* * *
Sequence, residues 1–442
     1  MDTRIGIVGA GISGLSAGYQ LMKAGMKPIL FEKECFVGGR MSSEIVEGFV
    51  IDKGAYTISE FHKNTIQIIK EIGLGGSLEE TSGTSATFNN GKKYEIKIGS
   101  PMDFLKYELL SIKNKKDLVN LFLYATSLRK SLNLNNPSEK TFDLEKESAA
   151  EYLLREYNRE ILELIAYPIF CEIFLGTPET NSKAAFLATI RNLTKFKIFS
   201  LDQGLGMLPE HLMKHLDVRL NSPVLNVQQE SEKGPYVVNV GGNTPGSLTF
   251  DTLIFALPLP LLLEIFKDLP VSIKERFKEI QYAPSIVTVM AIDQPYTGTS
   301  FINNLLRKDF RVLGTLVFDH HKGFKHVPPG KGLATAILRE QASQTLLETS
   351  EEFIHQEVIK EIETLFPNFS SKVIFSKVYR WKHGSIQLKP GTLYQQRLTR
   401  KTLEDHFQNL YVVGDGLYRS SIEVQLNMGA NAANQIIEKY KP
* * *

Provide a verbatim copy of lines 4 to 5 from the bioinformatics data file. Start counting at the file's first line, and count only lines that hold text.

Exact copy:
   101  PMDFLKYELL SIKNKKDLVN LFLYATSLRK SLNLNNPSEK TFDLEKESAA
   151  EYLLREYNRE ILELIAYPIF CEIFLGTPET NSKAAFLATI RNLTKFKIFS